How much money can I gift to my grandchildren?

Gran and her grandkids listening to music on an ipad - financial gifts


MoneyPlus Features Team

24th May 2017 at 8:00am

Tax allowances – make the most of them

You give your grandchildren regular financial gifts – pocket money, Christmas and birthday money.

But what are your options when you want to invest the tooth fairy’s money or give them larger amounts of money for things such as university fees, a gap year or a deposit for a flat?

It matters to you that you help set them up for life and see them thrive – but how can you be as tax efficient as possible?

Take advantage of the small gifts allowance

Giving money to your grandchildren regularly and in smaller amounts can be an effective way to minimise your Inheritance Tax (IHT).

You can gift £250 to as many people as you want every year. You also have a £3,000 annual exemption. However, you can’t give both the £250 and £3,000 to the same person.

And if you didn’t use your exemption in the previous year, you can carry it forward, giving you £6,000 which is exempt from IHT.

Make potentially exempt transfers… but be aware of the 7-year rule

If you want to gift larger sums, these won’t be counted for Inheritance Tax purposes – as long as you survive for seven years afterwards.

If you don’t survive the full seven years, the money you’ve given as gifts would use some of your nil rate band (£325,000) available to offset against your estate.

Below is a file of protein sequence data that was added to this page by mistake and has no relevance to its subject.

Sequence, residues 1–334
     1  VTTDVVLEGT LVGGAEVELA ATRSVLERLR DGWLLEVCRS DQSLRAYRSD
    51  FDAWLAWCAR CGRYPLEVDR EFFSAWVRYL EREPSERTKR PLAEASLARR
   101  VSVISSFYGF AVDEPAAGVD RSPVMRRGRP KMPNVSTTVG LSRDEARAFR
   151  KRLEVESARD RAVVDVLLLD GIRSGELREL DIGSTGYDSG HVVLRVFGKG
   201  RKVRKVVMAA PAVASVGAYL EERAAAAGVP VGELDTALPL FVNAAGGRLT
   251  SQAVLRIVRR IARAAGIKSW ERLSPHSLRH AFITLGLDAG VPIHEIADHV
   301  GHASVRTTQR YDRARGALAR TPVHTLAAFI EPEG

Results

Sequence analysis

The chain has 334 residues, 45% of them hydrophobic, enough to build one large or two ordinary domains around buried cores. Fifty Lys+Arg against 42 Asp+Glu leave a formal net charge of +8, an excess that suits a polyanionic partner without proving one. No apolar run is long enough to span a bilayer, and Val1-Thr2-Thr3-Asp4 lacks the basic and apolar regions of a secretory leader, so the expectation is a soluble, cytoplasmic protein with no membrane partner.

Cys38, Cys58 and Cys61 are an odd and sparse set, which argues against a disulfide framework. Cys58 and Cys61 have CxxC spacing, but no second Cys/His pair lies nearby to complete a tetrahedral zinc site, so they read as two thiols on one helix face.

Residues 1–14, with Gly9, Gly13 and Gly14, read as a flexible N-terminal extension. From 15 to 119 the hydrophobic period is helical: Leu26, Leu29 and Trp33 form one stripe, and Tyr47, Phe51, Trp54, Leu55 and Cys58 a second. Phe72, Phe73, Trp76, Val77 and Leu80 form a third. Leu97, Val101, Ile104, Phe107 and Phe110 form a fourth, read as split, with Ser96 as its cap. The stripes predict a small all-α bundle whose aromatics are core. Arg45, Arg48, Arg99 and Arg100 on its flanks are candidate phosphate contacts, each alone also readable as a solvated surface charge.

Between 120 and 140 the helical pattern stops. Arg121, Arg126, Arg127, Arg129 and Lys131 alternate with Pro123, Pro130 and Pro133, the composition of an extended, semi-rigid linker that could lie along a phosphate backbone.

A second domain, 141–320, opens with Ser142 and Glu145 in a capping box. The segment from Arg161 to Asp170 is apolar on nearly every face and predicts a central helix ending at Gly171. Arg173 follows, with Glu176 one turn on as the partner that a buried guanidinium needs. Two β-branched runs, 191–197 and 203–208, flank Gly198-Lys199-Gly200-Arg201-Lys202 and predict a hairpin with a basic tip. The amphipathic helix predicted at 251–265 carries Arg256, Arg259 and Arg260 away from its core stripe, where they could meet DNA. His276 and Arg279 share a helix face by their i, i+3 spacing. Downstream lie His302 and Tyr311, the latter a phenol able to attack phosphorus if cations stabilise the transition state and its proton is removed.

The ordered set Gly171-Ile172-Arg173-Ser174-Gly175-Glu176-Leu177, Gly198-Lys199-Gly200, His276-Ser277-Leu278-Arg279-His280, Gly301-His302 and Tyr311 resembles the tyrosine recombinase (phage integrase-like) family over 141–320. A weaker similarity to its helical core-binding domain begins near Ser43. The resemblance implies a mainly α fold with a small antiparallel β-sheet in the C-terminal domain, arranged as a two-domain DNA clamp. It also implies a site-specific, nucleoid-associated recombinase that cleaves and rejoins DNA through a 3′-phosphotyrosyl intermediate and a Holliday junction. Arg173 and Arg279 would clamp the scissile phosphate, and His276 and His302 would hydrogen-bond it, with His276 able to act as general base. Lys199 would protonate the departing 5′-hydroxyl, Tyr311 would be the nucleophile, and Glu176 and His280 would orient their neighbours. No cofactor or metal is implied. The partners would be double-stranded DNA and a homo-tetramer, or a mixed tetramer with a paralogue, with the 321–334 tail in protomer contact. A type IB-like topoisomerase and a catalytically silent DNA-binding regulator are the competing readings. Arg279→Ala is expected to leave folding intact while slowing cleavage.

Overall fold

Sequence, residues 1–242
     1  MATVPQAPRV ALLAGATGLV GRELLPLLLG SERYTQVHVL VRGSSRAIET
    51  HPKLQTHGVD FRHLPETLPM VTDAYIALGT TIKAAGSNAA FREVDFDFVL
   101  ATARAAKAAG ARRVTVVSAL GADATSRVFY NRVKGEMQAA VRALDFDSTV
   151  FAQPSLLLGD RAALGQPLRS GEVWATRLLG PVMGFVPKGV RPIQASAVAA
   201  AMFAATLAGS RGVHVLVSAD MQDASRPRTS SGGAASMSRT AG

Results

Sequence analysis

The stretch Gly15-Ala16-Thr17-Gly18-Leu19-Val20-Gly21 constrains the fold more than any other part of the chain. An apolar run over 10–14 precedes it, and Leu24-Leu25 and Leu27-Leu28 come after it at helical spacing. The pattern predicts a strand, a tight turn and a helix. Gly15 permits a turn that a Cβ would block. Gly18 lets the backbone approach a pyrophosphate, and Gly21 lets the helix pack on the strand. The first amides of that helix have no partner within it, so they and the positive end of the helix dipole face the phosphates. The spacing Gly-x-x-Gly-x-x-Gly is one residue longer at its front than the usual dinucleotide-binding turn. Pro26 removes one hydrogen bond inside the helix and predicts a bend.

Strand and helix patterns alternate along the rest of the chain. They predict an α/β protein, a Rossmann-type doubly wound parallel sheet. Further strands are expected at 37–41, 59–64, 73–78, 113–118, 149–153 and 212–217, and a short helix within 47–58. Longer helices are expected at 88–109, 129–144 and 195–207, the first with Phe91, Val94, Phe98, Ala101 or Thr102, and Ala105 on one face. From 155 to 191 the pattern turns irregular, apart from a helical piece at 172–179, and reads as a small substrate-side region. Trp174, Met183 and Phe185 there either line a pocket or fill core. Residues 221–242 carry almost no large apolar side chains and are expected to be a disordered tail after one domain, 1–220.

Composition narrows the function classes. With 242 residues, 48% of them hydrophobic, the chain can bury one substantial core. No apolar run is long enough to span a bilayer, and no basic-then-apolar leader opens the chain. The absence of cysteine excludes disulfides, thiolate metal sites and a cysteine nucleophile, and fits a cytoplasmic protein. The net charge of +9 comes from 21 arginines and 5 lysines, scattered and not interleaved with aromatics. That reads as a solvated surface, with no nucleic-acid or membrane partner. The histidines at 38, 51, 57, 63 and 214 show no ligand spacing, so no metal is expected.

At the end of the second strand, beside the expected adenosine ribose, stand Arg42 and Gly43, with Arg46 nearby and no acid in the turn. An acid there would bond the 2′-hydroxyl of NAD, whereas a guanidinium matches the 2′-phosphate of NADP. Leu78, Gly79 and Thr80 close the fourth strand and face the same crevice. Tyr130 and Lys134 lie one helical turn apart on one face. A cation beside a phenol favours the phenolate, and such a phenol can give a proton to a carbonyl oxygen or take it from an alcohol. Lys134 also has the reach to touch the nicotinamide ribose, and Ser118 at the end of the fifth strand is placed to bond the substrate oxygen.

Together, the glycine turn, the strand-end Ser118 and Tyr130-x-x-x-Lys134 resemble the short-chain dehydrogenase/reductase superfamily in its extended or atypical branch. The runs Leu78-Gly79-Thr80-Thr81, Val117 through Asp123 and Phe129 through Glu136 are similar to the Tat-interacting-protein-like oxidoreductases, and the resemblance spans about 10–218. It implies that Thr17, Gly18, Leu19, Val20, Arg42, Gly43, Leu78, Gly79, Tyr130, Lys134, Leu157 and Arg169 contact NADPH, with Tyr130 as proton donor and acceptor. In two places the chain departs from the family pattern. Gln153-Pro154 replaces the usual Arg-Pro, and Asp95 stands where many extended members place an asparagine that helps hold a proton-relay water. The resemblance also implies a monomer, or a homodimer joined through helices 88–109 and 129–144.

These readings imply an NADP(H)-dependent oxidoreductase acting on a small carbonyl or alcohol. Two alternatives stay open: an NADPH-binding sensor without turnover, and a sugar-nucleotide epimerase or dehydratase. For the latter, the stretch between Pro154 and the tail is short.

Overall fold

However, gifts made from your surplus income could be immediately exempt from IHT if they are part of a regular pattern of gift giving and don’t reduce your normal standard of living.

Any gifts made without using these exemptions are inside your estate and could be subject to 40% IHT.

Use your pension to fund ‘Uni’ fees or property – just be confident you have enough left for yourself

Recent pension freedoms allowing you to take your retirement savings when you turn 55 could be a useful way to fund your grandchildren’s (or your children’s) education or help them with a deposit on a property.

Taking some of your tax-free cash – you can usually take 25% of your pension savings this way – to pay some or all of their costs means you get to see them benefit from an education without the heavy burden of student debt sitting on their shoulders.

With fees, accommodation and living expenses for a three-year course typically costing £67,000 according to the National Union of Students, studying at university doesn’t come cheap.

A word of caution here: Using your pension savings could set them up for life but you need to carefully consider your own retirement needs.

Is your pension pot big enough to be able to help them and still leave you with enough to last you through your retirement? What would happen if you need care in later life? It’s a major consideration.

Then there’s the fact that money inside your pension usually sits outside of IHT – and can sometimes even be passed on tax-free.

Think about the benefits of using a trust

Many grandparents intend to leave some money to their grandchildren in their Will but if you want them to benefit while you’re still around, using a trust to give them surplus income or capital could help them meet those university or property costs.

A trust can offer a number of advantages for grandparents who want to help out in this way.